While counter-terrorism garners much media attention, these political issues are at the root of Somalia’s struggle for peace and security. No injection of soldiers can bring stability. Military intervention often produces the opposite. Tunde Osazuwa, an activist and researcher with the Black Alliance for Peace, noted that the Africa Center for Strategic Studies—a Pentagon research institute—found that “extremist Islamist group activity in Africa has doubled since 2012” because of AFRICOM’s presence on the continent. has deepened. In other words, Washington’s nominal counterterrorism has done little to empower terrorists. Foreign participation will continue to produce these results until a consensus is reached that empowers the various Somali constituencies with the confidence that their views will be represented and that leaders will be held accountable for their actions. This requires making room for regional power centers to coexist under a federal system. Navigating these obstacles is critical to building toward sustainability.
May’s elections still bring possibilities of change. First, the massive conflict in Somalia in 2021 was caused by a delay in elections, where parliament on April 25 extended the presidency by two years. In response, armed clashes broke out between security forces belonging to various political factions in different districts of Mogadishu. The result was that between 60,000 and 100,000 people were displaced according to the United Nations. Thus, the election, along with a peaceful transfer of power, sets the stage for President Mohamed to form a national unity government. It is important that conflicting political groups in Mogadishu are aware that violence is unacceptable and will not be rewarded. In addition, the Mohammedan administration should strive to ensure that different voices are heard and represented in the new government, as there is a link between violent rebellion and a sense of powerlessness and under-representation.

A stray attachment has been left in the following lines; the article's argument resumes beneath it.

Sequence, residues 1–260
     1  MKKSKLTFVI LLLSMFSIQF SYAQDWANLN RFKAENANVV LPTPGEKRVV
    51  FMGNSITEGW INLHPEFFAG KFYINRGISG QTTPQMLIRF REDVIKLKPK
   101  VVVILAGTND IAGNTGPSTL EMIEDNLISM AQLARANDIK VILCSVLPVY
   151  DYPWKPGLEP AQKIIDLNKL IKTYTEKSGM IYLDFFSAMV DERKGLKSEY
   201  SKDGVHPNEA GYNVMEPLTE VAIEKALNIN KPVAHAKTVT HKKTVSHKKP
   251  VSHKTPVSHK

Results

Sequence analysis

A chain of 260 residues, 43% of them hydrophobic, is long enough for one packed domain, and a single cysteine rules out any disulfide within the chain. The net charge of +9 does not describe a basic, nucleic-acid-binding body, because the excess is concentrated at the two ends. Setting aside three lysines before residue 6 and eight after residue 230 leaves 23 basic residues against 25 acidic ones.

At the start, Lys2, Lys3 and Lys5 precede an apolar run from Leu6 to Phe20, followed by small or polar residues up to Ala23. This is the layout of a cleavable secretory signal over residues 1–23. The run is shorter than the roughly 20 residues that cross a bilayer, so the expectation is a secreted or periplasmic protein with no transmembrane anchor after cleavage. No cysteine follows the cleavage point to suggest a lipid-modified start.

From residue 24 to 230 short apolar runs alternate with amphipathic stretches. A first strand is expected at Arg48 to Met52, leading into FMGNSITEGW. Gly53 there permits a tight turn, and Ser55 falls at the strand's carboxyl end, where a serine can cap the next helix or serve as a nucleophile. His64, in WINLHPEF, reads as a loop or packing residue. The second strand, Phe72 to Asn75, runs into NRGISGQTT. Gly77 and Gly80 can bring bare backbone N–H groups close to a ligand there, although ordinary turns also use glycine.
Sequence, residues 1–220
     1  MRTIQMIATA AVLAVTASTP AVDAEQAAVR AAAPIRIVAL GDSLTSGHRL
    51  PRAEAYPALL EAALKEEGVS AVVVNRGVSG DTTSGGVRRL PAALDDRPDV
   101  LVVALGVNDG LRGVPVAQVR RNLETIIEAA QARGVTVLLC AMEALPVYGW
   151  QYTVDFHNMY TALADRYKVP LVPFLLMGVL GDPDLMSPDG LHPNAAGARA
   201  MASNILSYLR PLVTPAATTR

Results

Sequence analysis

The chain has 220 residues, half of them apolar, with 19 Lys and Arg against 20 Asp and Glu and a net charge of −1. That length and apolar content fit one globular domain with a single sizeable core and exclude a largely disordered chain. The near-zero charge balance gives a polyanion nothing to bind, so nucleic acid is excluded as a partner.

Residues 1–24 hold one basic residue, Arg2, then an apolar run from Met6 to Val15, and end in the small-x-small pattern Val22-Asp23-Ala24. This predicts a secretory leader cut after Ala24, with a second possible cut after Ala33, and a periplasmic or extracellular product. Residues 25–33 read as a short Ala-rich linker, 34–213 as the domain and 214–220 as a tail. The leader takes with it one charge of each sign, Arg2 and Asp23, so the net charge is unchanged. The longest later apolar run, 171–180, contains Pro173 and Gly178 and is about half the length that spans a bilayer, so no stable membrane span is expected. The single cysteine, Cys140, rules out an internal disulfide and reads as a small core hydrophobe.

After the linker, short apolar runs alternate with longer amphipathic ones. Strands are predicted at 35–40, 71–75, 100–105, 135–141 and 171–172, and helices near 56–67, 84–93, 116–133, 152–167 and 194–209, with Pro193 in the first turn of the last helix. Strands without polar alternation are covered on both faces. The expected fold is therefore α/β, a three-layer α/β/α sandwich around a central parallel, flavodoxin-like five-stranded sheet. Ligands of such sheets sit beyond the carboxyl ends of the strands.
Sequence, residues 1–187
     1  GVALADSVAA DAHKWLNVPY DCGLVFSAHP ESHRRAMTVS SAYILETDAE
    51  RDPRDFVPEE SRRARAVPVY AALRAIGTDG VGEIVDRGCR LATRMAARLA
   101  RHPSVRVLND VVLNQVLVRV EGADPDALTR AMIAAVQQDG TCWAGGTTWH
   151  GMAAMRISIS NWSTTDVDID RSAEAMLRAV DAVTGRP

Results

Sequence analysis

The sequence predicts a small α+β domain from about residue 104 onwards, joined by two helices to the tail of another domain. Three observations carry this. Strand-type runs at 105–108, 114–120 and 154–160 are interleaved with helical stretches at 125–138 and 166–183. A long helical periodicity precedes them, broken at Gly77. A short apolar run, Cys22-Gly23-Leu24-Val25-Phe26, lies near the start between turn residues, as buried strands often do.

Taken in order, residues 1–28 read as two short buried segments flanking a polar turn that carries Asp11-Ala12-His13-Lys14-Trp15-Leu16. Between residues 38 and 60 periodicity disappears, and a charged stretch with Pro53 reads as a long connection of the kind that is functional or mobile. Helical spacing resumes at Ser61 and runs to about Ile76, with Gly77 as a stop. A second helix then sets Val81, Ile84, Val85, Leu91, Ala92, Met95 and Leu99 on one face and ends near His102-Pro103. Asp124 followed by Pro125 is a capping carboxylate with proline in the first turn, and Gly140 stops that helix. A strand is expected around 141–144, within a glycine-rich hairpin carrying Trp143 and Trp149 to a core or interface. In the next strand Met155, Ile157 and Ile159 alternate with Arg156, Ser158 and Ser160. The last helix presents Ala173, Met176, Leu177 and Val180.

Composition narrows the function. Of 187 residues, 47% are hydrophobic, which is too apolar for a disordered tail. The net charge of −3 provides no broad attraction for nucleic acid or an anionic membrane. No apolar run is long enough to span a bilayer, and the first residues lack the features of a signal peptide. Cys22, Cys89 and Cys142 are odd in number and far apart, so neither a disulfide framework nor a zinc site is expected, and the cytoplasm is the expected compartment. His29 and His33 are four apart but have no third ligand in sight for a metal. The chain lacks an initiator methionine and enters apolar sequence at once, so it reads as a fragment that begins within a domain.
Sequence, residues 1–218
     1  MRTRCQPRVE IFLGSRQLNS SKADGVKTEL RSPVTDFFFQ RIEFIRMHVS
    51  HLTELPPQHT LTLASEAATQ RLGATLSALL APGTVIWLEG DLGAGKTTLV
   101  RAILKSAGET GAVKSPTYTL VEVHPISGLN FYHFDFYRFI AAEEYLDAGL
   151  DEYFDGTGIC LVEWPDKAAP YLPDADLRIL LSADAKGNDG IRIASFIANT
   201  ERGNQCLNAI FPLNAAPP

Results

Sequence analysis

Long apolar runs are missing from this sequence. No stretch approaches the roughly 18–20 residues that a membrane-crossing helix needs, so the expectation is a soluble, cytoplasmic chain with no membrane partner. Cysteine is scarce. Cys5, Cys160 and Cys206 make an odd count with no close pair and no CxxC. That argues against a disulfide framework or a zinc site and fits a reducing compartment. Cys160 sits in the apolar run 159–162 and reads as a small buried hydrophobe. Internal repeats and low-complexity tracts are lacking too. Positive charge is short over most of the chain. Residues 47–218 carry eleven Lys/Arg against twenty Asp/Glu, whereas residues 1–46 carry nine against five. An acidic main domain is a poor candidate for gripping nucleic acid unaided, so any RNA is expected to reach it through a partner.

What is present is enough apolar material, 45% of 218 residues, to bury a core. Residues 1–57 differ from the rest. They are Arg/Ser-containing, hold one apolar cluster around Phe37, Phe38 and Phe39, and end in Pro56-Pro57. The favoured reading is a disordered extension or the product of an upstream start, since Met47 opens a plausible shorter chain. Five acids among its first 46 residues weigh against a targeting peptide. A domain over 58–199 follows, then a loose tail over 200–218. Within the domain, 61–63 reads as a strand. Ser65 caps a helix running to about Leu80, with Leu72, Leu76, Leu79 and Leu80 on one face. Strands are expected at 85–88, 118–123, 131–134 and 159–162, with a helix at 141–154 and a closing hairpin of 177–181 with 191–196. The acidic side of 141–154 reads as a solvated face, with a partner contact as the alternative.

To achieve this, Somalia’s institutions must be seen as legitimate and just from both punitive and democratic perspectives. This is the main issue for many people here in Somalia. Despite the peaceful transfer of power, most of the 36 presidential candidates were old faces, whom many considered to have done little to prevent war and corruption. This leaves Somalis with the feeling that the changing hands of money determines political power rather than the popular vote. Given Somalia’s electoral system, this mood is perhaps appropriate. The clan elders choose the representatives, who then choose the 275 members of the House of Representatives and 54 members of the Senate. Once appointed, these MPs vote to elect the next president, who in turn chooses a prime minister. After this, the Prime Minister appoints the cabinet and forms the government. What becomes clear from an analysis of this arrangement is that even after May’s peaceful election, Somalia remains in the clutches of the clan elders and political elite.
The people, at all times, remain unaffected by a system in which one person, one vote, has not been elected for decades. Given this evidence, reaching a political settlement representing the population, settling a dispute among an insular elite, and laying the foundation for a credible security mechanism is likely a long way off. It is unrealistic to expect President Mohamed to repair Somalia’s democratic deficit during his tenure. Still, there are opportunities to build bridges, which hopefully can reduce violent clashes. A promising early sign is that Farmajo called for unity in his concession speech. “Let us pray for the new president; It is a very tedious job,” he said. “We will be in solidarity with him.” This reflects an appetite for reconciliation, while Somalia’s international partners remain committed to cooperation. Somalia needs this optimism and teamwork on the long road ahead.